“There are reasons that they will never be revealed,” he says in Farsi. “They won’t tell us, nor anyone else, because if they do it will open some doors into the defence systems of the country that will not be in the interest of the nation to publicly say.”

CBC News has obtained a recording of a man sources have identified as Iran’s foreign minister acknowledging that the downing of Flight 752 could have been intentional. The Canadian government and security agencies are reviewing the recording. 2:49

According to sources, the audio of the private conversation was captured in the months after the aircraft was destroyed on Jan. 8, 2020, shortly after takeoff in Tehran. All 176 people aboard were killed, including 138 people with ties to Canada.

After three days of denial, Iran’s President Hassan Rouhani stated publicly that human error was to blame. He said the military mistook the jetliner for a hostile target in the aftermath of an American drone strike that killed a high-ranking Iranian military general in Iraq.

Zarif tweeted Wednesday morning in response to CBC’s story, insisting Iran always believed there were many possible explanations for the downing but concluded human error was to blame.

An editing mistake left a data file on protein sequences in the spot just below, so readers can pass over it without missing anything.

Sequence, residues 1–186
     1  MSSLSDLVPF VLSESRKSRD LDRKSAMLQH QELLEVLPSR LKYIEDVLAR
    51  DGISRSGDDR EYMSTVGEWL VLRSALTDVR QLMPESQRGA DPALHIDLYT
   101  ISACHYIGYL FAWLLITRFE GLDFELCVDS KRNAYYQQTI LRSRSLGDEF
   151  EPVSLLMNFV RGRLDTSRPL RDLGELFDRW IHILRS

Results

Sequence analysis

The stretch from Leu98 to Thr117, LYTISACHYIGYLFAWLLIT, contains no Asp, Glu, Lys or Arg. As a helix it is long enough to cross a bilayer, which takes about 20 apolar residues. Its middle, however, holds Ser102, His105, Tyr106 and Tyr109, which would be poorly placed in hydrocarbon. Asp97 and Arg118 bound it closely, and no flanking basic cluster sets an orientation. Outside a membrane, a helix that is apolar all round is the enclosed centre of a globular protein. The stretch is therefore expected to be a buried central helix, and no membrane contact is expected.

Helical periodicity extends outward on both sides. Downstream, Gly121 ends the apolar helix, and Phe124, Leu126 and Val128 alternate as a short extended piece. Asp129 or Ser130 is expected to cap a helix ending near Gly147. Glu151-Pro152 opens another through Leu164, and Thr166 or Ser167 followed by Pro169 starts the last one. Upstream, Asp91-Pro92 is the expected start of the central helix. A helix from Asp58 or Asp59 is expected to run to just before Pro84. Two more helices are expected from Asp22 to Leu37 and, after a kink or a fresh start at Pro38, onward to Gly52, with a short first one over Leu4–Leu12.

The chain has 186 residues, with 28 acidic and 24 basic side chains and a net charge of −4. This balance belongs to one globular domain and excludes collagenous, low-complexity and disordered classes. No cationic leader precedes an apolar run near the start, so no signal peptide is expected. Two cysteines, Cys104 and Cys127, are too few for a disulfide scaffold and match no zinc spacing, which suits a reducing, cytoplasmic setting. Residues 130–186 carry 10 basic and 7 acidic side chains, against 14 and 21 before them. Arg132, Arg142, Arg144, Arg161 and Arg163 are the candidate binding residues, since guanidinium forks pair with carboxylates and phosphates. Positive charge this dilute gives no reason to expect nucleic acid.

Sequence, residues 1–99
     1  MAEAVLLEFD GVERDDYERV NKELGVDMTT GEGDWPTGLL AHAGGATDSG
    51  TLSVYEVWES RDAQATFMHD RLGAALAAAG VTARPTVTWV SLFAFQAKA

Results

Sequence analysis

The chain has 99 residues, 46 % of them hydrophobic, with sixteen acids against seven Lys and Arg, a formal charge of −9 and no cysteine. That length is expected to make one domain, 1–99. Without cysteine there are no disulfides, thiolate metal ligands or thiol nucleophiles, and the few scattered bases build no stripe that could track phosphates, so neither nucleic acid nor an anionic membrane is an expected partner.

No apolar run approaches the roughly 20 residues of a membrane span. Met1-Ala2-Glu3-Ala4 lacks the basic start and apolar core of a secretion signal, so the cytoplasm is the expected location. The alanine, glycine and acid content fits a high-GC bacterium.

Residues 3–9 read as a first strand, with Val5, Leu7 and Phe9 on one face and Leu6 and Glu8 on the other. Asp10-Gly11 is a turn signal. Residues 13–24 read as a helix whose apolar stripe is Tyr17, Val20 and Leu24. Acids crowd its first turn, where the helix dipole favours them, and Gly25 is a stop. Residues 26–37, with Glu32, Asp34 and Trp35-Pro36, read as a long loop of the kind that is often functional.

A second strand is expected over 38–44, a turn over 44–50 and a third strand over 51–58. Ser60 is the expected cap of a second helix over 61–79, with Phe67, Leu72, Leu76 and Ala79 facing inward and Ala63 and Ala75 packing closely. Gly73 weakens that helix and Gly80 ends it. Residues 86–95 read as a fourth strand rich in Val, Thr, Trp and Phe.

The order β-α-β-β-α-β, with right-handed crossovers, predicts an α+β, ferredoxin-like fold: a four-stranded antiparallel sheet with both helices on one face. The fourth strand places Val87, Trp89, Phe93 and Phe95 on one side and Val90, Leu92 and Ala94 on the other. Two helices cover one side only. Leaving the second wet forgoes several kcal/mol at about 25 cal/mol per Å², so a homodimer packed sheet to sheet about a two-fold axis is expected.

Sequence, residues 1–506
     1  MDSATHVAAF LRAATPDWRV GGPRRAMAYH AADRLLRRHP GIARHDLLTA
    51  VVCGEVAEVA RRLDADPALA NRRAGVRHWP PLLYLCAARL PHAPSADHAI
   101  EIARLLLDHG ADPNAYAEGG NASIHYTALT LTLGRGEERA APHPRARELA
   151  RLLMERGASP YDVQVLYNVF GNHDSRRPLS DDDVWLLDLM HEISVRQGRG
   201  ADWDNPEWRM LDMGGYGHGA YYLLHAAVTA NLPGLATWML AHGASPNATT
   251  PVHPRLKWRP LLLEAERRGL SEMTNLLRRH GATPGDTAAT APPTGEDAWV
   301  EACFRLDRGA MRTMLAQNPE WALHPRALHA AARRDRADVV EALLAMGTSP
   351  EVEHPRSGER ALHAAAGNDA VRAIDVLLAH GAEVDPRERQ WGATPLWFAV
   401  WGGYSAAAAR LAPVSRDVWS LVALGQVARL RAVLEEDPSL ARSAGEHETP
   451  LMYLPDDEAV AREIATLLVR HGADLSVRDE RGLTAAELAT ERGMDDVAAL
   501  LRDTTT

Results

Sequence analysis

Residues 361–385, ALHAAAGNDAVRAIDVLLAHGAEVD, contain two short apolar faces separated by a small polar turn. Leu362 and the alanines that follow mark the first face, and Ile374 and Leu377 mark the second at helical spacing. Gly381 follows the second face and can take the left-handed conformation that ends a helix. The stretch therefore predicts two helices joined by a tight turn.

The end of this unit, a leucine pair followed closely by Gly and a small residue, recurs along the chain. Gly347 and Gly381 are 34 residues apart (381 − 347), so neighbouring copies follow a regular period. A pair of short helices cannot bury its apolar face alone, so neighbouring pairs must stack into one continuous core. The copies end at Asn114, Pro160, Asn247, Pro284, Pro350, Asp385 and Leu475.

“Following Flight #PS72 tragedy, I & many others insisted that ALL possibilities — including foreign infiltration or electronic interference — must be investigated (fake audio notwithstanding). Human error was finally judged as cause. Iran is committed to full justice for victims,” the minister wrote.

Zarif’s tweet and his spokesperson’s comments today are believed to be their first public confirmation that Iran looked into foreign infiltration or electronic interference as possible explanations for Flight PS752’s destruction.

In his statement, Khatibzadeh said “everyone knows” that Zarif stressed “the need to examine all possibilities” during official meetings in the weeks following the crash. He specifically cited “the meeting with the Foreign Minister of Canada” — an apparent reference to François-Philippe Champagne, the minister at the time.

Iranian Foreign Ministry spokesperson Saeed Khatibzadeh claims Canada is politicizing the destruction of Flight PS752. (CBC News)

Iranian official suggests Canada is spreading ‘rumours’

Khatibzadeh also accused Canada of politicizing Flight PS752 and upsetting families.

“Families who have lost loved ones in this unfortunate tragedy are enduring great grief that is not easy to alleviate,” he wrote.

“We call on Canada not to add to the grief of bereaved families every day with such actions and rumours.”

Hamed Esmaeilion, spokesperson for the association representing victims’ families in Canada, says Zarif is the one causing grief for survivors.

“Javad Zarif, his actions and the whole Iranian regime is adding to the grief of the families,” said Esmaeilion. “Nothing is more valuable than human life. He says finding the truth can open doors to our defence system. What about human lives?”